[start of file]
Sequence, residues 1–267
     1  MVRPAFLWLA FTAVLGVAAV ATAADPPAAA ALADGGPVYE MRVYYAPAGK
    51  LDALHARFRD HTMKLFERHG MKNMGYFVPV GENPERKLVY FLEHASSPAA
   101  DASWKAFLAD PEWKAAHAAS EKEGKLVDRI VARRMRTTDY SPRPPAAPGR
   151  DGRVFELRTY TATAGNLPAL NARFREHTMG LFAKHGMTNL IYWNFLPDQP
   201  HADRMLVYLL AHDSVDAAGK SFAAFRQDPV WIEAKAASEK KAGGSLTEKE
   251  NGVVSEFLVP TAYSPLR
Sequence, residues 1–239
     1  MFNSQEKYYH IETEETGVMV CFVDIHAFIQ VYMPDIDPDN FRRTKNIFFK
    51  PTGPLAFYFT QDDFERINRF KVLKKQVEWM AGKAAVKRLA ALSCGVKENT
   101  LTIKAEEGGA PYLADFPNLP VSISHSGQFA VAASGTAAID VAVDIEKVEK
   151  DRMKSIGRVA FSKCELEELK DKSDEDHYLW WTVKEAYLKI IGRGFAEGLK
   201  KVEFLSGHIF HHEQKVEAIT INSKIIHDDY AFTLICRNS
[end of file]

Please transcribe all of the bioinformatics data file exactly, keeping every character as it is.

Sequence, residues 1–267
     1  MVRPAFLWLA FTAVLGVAAV ATAADPPAAA ALADGGPVYE MRVYYAPAGK
    51  LDALHARFRD HTMKLFERHG MKNMGYFVPV GENPERKLVY FLEHASSPAA
   101  DASWKAFLAD PEWKAAHAAS EKEGKLVDRI VARRMRTTDY SPRPPAAPGR
   151  DGRVFELRTY TATAGNLPAL NARFREHTMG LFAKHGMTNL IYWNFLPDQP
   201  HADRMLVYLL AHDSVDAAGK SFAAFRQDPV WIEAKAASEK KAGGSLTEKE
   251  NGVVSEFLVP TAYSPLR
Sequence, residues 1–239
     1  MFNSQEKYYH IETEETGVMV CFVDIHAFIQ VYMPDIDPDN FRRTKNIFFK
    51  PTGPLAFYFT QDDFERINRF KVLKKQVEWM AGKAAVKRLA ALSCGVKENT
   101  LTIKAEEGGA PYLADFPNLP VSISHSGQFA VAASGTAAID VAVDIEKVEK
   151  DRMKSIGRVA FSKCELEELK DKSDEDHYLW WTVKEAYLKI IGRGFAEGLK
   201  KVEFLSGHIF HHEQKVEAIT INSKIIHDDY AFTLICRNS